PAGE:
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Bell Supports Strong Rules for PPACA Navigators

Press release from the Tennessee Senate Republican Caucus; Sept. 24, 2013:

(NASHVILLE, Tenn.), September 24, 2013 – Senate Government Operations Committee Chairman Mike Bell (R-Riceville) said today that Navigators operating in Tennessee under the Federal Patient Protection and Affordable Care Act (PPACA) should be registered with the state as proposed in rules recently filed by the Department of Commerce and Insurance. Bell also said he favors providing strong consumer protections, including those to safeguard privacy of medical and financial information.

Navigators, or Application Counselors, are individuals or entities who facilitate enrollment in insurance exchanges pursuant to the PPACA, which is also known as Obamacare. The General Assembly passed legislation earlier this year directing the Department of Commerce and Insurance promulgate rules to oversee them. Those rules, which are already in effect on an emergency basis, are scheduled to be heard by the General Assembly’s Joint Government Operations Rule Review Committee on November 13.

“I want to see strong consumer protections in place as these Navigators will have access to private consumer health and financial information,” said Chairman Bell. “Although this is a federal mandate that the state opted not to participate in, we are still responsible to ensure Tennessee consumers are protected. We continue to see monumental implementation problems with this massive program which was rushed through Congress without due diligence. Our Committee will look very carefully at the emergency rules that have been filed by our state’s Commerce and Insurance Department to ensure that they provide adequate protections.”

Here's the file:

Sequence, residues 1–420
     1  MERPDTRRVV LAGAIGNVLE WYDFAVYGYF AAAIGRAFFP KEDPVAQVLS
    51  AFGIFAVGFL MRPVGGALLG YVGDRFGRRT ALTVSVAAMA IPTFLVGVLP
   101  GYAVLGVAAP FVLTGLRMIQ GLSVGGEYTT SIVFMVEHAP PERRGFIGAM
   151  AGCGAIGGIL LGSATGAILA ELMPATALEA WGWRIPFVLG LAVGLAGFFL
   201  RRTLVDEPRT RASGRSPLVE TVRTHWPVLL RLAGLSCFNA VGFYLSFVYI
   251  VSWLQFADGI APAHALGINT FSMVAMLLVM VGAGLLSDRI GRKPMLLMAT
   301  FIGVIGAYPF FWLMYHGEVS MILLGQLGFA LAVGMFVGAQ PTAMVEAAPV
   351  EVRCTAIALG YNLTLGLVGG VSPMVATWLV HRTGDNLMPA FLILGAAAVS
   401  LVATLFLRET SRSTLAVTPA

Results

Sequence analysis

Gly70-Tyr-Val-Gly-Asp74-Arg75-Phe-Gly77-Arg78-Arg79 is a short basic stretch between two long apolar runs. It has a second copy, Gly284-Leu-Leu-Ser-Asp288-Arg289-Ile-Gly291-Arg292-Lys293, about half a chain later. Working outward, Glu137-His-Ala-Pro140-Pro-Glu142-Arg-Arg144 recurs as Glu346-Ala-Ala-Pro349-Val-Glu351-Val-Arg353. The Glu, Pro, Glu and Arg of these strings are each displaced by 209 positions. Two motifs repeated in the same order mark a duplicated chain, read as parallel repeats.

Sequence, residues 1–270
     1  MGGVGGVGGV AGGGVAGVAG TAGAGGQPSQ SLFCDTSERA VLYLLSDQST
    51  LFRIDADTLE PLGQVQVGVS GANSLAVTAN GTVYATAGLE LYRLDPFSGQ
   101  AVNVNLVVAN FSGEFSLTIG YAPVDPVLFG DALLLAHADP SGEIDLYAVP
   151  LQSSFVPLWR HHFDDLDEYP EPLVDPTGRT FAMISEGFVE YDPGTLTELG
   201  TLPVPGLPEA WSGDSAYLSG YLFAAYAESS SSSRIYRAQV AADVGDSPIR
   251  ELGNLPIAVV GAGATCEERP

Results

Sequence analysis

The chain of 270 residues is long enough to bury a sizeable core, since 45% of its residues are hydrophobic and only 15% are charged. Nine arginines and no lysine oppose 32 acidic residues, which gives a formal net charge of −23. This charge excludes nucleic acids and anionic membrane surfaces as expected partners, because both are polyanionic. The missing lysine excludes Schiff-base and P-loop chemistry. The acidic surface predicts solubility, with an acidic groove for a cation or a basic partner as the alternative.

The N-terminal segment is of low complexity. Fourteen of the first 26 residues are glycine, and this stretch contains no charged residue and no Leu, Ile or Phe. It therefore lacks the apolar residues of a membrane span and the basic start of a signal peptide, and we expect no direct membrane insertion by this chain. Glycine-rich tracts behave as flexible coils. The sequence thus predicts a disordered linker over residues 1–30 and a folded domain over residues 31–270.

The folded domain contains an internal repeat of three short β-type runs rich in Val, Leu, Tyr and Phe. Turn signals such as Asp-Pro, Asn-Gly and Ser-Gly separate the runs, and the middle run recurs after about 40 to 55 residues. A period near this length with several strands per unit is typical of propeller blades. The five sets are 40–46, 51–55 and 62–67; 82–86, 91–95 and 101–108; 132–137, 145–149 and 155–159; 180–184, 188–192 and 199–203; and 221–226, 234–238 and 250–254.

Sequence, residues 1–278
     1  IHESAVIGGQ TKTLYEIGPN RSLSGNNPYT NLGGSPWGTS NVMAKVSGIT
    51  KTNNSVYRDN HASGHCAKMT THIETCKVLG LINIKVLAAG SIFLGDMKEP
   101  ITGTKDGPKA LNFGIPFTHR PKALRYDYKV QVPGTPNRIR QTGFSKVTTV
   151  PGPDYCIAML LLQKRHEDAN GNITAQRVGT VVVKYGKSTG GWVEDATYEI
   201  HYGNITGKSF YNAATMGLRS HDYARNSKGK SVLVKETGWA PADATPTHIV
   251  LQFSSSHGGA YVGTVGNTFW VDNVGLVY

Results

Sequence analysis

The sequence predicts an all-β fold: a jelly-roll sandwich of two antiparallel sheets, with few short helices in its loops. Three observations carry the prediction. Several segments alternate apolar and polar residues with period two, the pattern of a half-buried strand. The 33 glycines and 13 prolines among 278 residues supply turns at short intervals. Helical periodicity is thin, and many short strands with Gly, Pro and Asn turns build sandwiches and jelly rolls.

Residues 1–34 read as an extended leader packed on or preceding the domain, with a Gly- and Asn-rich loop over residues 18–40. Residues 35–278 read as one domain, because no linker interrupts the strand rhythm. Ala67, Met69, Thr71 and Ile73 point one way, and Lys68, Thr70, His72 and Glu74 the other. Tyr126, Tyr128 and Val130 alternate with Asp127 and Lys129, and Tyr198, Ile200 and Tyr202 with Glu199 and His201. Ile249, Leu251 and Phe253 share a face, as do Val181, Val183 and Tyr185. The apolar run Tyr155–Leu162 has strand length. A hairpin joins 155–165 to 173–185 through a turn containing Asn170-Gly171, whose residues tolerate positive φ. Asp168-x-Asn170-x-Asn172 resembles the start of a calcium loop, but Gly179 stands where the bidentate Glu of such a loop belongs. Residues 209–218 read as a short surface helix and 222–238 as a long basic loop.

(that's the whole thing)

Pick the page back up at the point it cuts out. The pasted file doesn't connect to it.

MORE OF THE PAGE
Among other provisions, Tennessee’s proposed rules call for applicants to be at least 18 years old, be of good character and integrity, maintain a principal place of business in the state, pass a background check, and complete the federal training program for Navigators or Certified Application Counselors. The proposed rules also provide parameters in which the Navigators can operate and prescribe consequences for violation of the registration including fraudulent, coercive or dishonest practices.

“We need appropriate training requirements, criminal records checks, conflict of interest disclosures, and a code of professional conduct to protect consumers,” added Bell. “For example, it is important that we keep convicted felons from gaining access to a consumer’s financial information.”